|Ferreira JA et al. (1999; Brazil)30||186||31 HCW collectors (hospitals) and 155 domestic waste workers||HBV (anti-HBc)||5||Inadequate sample size, outcomes measured by biased assessors, inadequate confidence intervals or subgroup analysis|
|Corrao G et al. (1985; Italy)9||93||45 sweepers, 21 waste collectors, 19 machine operators, 5 sewer workers and 3 office workers.||HBV (HBsAg, anti-HBs, anti-HBc).||4|
anti-HBc: hepatitis B core antibody; anti-HBs: hepatitis B surface antibody; HbsAg: hepatitis B surface antigen; HBV: hepatitis B virus; HCW: healthcare waste; USW: urban solid waste. *Sensitivities of the serological tests for hepatitis B: anti-HBc – detects acute, chronic, cure stages; HbsAg – detects incubation, acute, chronic stages; and anti-HBs analyzes a person’s vaccination status.**According to the guidelines of Loney et al. for the critical appraisal of studies on the prevalence or incidence of a health problem.
All studies had a cross-sectional study design; this limits their ability to establish causality as they contain no information on the relative timing of the exposure and the outcome(s).
Figure 1 presents a forest plot of Odds Ratios from selected studies, showing the effect of exposure to wastes on HBsAg. For this model, just eleven papers (using HBsAg as the outcome) were included in this model. Heterogeneity was not found between the papers (p = 0.22). A fixed-effects model was therefore adopted. Exposure to waste showed a significant association with HBsAg-positive serology (OR 1.89, 95% CI 1.27-2.86).
We found no asymmetry in the funnel plot (Figure 2), indicating no evidence of publication bias. A linear regression analysis was used to confirm the absence of publication bias (p = 0.11).
Figure 3 and Figure 4 show the distribution of positive serology for HBsAg and anti-HBc among workers exposed to waste. Heterogeneity was found between the papers (p = 0.023 and p <0.0001 for HBsAg and anti-HBc, respectively). Therefore, a random effects models was used for both. The rate of HBsAg and anti-HBc seropositivity in workers exposed to waste was 0.04 (95% CI 0.03-0.05) and 0.22 (95% CI 0.14-0.30), respectively.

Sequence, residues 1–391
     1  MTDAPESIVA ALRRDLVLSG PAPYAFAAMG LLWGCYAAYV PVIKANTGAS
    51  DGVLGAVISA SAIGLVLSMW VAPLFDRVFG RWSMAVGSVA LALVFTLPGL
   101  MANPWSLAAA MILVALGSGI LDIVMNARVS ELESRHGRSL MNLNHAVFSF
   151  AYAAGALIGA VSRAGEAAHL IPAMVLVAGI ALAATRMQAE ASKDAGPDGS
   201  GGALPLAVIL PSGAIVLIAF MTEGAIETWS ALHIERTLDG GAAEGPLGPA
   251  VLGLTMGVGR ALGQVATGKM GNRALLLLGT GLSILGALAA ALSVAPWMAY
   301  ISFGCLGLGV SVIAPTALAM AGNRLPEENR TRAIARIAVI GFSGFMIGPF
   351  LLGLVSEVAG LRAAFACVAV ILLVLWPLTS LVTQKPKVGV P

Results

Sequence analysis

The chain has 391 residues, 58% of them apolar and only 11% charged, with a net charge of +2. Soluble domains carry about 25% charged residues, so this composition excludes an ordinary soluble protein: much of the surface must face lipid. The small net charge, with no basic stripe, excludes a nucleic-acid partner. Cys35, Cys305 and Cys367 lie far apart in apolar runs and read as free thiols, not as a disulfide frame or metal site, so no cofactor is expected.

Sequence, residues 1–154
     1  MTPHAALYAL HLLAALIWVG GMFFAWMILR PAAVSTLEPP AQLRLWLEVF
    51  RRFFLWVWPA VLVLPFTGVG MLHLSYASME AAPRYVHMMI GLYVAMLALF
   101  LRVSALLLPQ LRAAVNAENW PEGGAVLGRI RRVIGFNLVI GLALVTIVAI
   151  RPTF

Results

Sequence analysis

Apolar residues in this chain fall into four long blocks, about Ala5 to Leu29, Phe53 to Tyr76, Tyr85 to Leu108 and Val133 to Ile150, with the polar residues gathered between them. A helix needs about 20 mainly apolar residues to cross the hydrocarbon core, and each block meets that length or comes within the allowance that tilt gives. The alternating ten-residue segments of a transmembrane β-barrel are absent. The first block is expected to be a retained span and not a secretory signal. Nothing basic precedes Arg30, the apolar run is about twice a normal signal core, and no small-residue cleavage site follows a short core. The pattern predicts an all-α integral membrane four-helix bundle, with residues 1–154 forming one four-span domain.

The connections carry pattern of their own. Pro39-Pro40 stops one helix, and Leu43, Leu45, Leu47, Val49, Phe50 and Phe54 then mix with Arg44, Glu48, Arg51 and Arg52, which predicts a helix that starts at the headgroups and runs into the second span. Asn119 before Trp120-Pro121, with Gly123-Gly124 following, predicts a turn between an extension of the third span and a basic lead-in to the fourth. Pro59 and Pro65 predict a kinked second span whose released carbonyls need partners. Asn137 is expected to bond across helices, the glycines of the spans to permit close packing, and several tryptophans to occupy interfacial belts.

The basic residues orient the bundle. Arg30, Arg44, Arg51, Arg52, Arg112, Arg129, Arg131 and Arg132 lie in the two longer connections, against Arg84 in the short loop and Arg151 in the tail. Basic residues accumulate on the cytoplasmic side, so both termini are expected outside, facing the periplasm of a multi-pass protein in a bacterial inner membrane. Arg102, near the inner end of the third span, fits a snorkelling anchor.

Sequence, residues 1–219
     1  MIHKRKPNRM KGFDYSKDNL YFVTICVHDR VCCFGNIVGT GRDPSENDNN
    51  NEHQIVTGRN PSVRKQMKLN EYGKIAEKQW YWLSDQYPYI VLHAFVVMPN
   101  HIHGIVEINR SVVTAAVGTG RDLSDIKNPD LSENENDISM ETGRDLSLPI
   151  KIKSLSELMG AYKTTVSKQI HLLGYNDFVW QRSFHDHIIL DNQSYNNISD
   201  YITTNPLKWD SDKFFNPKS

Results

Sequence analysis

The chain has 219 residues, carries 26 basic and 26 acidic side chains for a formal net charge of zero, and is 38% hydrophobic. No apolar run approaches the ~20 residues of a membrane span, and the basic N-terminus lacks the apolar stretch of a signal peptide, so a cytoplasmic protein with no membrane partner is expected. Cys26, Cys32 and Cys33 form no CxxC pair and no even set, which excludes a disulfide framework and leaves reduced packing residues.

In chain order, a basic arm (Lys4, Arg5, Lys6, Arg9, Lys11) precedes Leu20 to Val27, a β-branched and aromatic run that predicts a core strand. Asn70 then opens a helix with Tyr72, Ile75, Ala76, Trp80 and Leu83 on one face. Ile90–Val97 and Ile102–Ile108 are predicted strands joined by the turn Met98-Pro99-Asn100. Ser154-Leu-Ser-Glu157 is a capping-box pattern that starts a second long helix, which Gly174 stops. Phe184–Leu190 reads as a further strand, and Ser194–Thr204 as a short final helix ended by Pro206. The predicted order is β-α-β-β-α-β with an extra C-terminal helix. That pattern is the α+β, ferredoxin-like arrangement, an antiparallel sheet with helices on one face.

This meta-analysis included studies of workers collecting domestic or healthcare wastes. Most studies compared workers who were exposed to waste with those who were not. Eleven studies compared workers collecting solid domestic waste specifically to workers not exposed to any waste9–12,19,21–23,26,28,29; four compared workers exposed to healthcare waste to those exposed to uninfected waste from hospitals18,24,25,27. Uninfected waste differs from domestic waste as the latter often contains blood or other bodily fluids. Workers collecting waste within hospital environments are usually less exposed to infection risks than those who collect domestic waste because of the differences between these types of waste. Only two papers compared workers exposed to domestic waste to those exposed to healthcare waste20,30. The distinction between the types of wastes is relevant when comparing these studies.
Two studies12,29 exclusively analyzed workers exposed to domestic waste and did not undertake serological surveys of other groups of workers. Some studies compared workers exposed to domestic waste with controls such as gardeners, railway maintenance workers, cleaners, and office workers, all of whom did not have direct contact with waste.